I am happy to offer this guest post from Buzzparent. The opinions about circumcision are their own although I think it offers some helpful advice. When I had to make this decision for my baby son I was happy to have as much information as possible.
Circumcision in babies is a controversial procedure. Some parents may choose to have their son circumcised as it is part of their faith to do so. Others have personal and social reasons for wishing to have the procedure carried out. Many parents-to-be worry about whether or not they should have their son circumcised after he is born, as there are many differing opinions about what the right thing to do is. Here, we have some information about the pros and cons of circumcision in infants, to help you make the choice which is right for your family.
It's important to note that there is very rarely a medical need for newborn baby boys to be circumcised.
In some older boys and adult men, the need becomes more apparent, however the procedure can be more difficult and dangerous in older children and adults than it is in babies.
Some parents think their son should be circumcised shortly after birth because it can help reduce the risk of other health conditions developing later in life. It has been found that circumcising a baby boy can reduce the risk of conditions such as penile cancer and UTIs, amongst others. It is also easier for your son to learn how to keep his penis clean as opposed to boys who have not been circumcised. As well as for religious or cultural reasons, some fathers might wish their son to look the same as them.
Benefits and Risks
However, as with any surgical procedure there are possible risks. There might be excessive bleeding after the surgery, or the area could become infected. The foreskin could also be cut too long or too short, which could lead to further problems later in life. There are few immediate benefits of having a baby boy circumcised. The health benefits become clearer later on in life, although a boy or man might not develop any of the conditions listed above, whether he is circumcised or not.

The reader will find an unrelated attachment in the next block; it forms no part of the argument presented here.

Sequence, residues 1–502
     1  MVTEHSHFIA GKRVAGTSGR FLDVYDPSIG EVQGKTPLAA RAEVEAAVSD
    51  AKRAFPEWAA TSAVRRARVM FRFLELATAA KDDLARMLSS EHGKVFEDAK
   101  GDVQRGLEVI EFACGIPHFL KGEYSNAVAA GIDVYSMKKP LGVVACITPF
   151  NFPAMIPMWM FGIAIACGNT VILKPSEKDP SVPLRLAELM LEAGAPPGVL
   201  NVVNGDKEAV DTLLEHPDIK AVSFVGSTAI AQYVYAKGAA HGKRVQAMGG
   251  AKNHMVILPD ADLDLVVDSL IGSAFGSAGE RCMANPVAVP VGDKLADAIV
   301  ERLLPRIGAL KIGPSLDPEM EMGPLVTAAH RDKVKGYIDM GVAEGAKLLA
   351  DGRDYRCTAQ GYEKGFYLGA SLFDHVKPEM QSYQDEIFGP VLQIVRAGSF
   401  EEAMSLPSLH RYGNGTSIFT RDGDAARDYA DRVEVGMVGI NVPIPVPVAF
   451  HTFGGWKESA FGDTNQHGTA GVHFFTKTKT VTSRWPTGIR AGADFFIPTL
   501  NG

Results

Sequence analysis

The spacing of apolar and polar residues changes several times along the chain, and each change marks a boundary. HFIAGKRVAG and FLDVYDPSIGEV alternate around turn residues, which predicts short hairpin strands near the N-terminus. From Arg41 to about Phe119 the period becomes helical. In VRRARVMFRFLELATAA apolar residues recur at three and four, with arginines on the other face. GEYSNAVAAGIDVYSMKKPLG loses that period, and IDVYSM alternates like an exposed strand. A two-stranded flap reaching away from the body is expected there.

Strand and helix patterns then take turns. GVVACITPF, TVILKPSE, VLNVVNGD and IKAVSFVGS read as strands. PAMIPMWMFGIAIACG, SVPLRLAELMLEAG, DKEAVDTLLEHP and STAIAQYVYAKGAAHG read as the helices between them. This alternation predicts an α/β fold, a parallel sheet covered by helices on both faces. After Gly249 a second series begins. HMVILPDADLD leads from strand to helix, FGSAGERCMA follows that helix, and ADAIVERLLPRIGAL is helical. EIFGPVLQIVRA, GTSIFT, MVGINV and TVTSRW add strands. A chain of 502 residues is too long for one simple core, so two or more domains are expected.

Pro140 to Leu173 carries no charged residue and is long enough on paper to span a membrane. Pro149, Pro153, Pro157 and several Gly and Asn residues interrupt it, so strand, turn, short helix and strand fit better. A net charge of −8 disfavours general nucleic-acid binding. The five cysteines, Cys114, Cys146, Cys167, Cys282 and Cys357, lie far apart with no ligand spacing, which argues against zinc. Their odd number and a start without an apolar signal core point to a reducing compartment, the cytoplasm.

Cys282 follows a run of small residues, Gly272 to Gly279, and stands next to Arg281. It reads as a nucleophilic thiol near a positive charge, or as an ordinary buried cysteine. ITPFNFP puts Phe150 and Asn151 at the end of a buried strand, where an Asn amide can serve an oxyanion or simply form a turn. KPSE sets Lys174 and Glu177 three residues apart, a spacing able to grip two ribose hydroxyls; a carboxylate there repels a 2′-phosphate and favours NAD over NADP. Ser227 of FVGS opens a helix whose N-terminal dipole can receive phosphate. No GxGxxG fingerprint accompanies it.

If parents do choose to have their son circumcised, it is important to learn what will happen during the procedure and how to care for the area afterwards. The procedure is generally quick and simple, and won't require an overnight hospital stay. It can be done in half an hour, or often much less. The baby shouldn't be fed for an hour or so before the operation, as he will usually be given an anesthetic via an injection or a cream. There are three main methods of performing a circumcision. The one the surgeon chooses will depend on their preferences or what they are used to. Each involves a clamp being applied to the area, which cuts off the circulation to the foreskin to reduce bleeding when it is cut away.
The healing time for an infant's circumcision is around 7 days, or slightly longer. The area will probably be red for a few days after the operation but call your child's doctor if it looks like it is getting worse or there is any swelling or bleeding. Also watch out for signs of infection such as a foul smell or if the child develops a fever.
To help your baby heal properly after a circumcision, it's important to clean the area regularly. Try and keep the tip of the penis dry at first, then after a few days your son can be bathed every day. It's best to use plain water and avoid fragranced products as these can cause irritation. Let as much air get to the area as possible, by giving baby some diaper-free time every day when possible. If a dressing has been applied, change it every time you change the baby's diaper, applying petroleum jelly so the gauze doesn't stick.
About the Author
Emily Dick has recently graduated with an Honors Degree from the Open University in the field of social science. She currently creates content for Buzzparent, where she enjoys writing about a range of topics such as parenting tips and advice and reviewing the latest toys and games for children. Emily is currently raising her two-year-old daughter, and two pet cats.